Kaieteur News – On Saturday evening, I was part of a three-hour panel discussion organised by NCN on the contents of the one-year reign of the new PPP government. It was not your normal four-person forum but it had 11 discussants.
In asking the guests to analyse the performance of the PPP administration, NCN composed a number of topics and we had to expand on the themes. I was unhappy because the subject area that concerns me as a Guyanese living in this land with a wife and daughter was not on the agenda.
Each discussant had a representative background. I thought the moderator saw my presence as part of civil society because of a passing remark she made. I told the forum I was representing two sectors in the Guyanese social landscape – the human rights society and the working people of Guyana. I know by strict class criteria, I am not purely working class but I am not purely middle class; not by a long way.
So what did NCN left off the agenda? How does the poor, powerless, ordinary, working class human feel about how life treats them in Guyana one year after a new government? I made it clear in the room that Dr. Ali was not violating people’s rights. I was pellucid that I believe his intentions are good. I briefly trace his Jaganite/working class background and told the forum I am willingly available to assist the President in my own little way.
When it came to Nandlall, I informed the discussion that I believe he could emerge as the only Attorney General in Guyana – pre and post-colonial history- that will pioneer legislation that will promulgate more liberation and a better quality of justice for working class people. Mr. Nandlall is essentially a working class politician though I admit, like me, his class category will not be strictly working class.
I would like to thank three panelists who supported the introduction of my topic, the part of Guyana that is closer to my heart. Those persons were Mr. Marcel Gaskin, structural engineer; Mr. Kian Jaboor, the organising secretary for the political party, ANUG; and thirdly, Nicholas Boyer, former head of the Georgetown Chamber of Commerce, the son of famous Guyanese businessman, Eddie Boyer.
I dwelled on the denials that poor people face in this country that were not caused by any president or government but caused by the nature of Guyana. I mentioned the neglect poor patients endure at the Georgetown Hospital. I cited the case of my brother-in-law who died there last week through doctors’ neglect. When he became restless the night, if there was a doctor present his life could have been saved. The nurse paged the doctor who did not come to the ward.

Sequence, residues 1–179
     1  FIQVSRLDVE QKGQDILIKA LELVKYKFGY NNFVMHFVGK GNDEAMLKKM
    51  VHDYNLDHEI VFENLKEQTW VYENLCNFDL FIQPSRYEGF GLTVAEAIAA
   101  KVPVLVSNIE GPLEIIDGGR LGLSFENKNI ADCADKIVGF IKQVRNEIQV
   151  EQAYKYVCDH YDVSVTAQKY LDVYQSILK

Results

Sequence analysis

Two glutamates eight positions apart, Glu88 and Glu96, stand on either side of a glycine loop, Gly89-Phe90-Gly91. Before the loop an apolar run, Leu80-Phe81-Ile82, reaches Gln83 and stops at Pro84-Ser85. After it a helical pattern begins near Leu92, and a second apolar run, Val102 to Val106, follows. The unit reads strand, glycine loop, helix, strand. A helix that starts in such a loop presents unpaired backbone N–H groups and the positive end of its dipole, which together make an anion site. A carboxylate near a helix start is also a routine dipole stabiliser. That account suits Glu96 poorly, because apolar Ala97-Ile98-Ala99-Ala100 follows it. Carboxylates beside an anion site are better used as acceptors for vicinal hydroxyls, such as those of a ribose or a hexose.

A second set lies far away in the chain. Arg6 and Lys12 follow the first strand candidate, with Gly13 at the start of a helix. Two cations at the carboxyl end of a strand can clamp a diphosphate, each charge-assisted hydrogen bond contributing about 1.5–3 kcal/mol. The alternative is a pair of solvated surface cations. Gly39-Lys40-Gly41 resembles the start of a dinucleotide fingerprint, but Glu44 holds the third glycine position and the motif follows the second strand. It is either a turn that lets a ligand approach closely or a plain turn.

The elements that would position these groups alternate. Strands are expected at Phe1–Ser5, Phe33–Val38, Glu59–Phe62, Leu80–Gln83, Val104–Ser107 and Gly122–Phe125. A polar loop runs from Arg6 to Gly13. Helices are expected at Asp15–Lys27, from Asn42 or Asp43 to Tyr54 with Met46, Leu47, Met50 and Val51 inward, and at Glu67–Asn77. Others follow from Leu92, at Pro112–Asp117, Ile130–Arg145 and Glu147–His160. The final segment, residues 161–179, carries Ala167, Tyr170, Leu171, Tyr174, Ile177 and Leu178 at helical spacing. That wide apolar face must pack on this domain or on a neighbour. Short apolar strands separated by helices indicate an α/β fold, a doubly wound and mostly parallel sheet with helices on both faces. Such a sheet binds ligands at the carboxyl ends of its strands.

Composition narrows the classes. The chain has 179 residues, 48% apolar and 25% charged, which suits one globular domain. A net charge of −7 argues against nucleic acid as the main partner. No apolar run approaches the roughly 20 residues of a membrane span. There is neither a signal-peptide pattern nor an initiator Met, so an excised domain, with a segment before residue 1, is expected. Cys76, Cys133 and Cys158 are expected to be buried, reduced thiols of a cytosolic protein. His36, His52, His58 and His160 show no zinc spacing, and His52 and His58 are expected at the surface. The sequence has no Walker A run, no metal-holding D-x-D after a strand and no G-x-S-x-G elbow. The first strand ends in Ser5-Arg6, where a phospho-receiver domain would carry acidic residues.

I mentioned the time it takes just to pick up a form from the GRA. I asked what happens to that employee when her boss gives her a 10-minute break to fly down to the GRA or NIS to collect a form and because of no delay on her part she returns 40 minutes after.
Now here is a very important intervention by Marcel Gaskin that should interest all Guyanese. Mr. Gaskin said he makes sure he would not find himself in those situations but he thinks there has to be an organisation in this country that poor, ordinary folks could turn to for redress.
I then intervened as a matter of exigency and told the room there is such a body. It is named the Guyana Human Rights Commission. It is a formidable institution with judicial power. But it is also not a living organism. For 15 years it has been lying on the shelves of parliament.
I will now include some words that I did not have the time-latitude at that panel to mention. If 50 billionaires and their families vote for the re-election of Dr. Ali, it will not bring in three seats. You need the votes of thousands of ordinary people who will be annoyed with government because they cannot get an ID card replacement.
I end with a shocking, unbelievable disclosure. After we exited the building, a very important person, close to both the President and Vice President, Bharrat Jagdeo, told me as we walked alone on the lawns of the Arthur Chung Conference Centre that the Bank of Nova Scotia is arrogant and do not intend to observe the laws of Guyana. Then with a smile he said to me “they create their own laws.” If a small foreign bank can do that to Guyana, then the bosses of ExxonMobil are now the official kings and queens of this country. Guyana now has a monarchial system.
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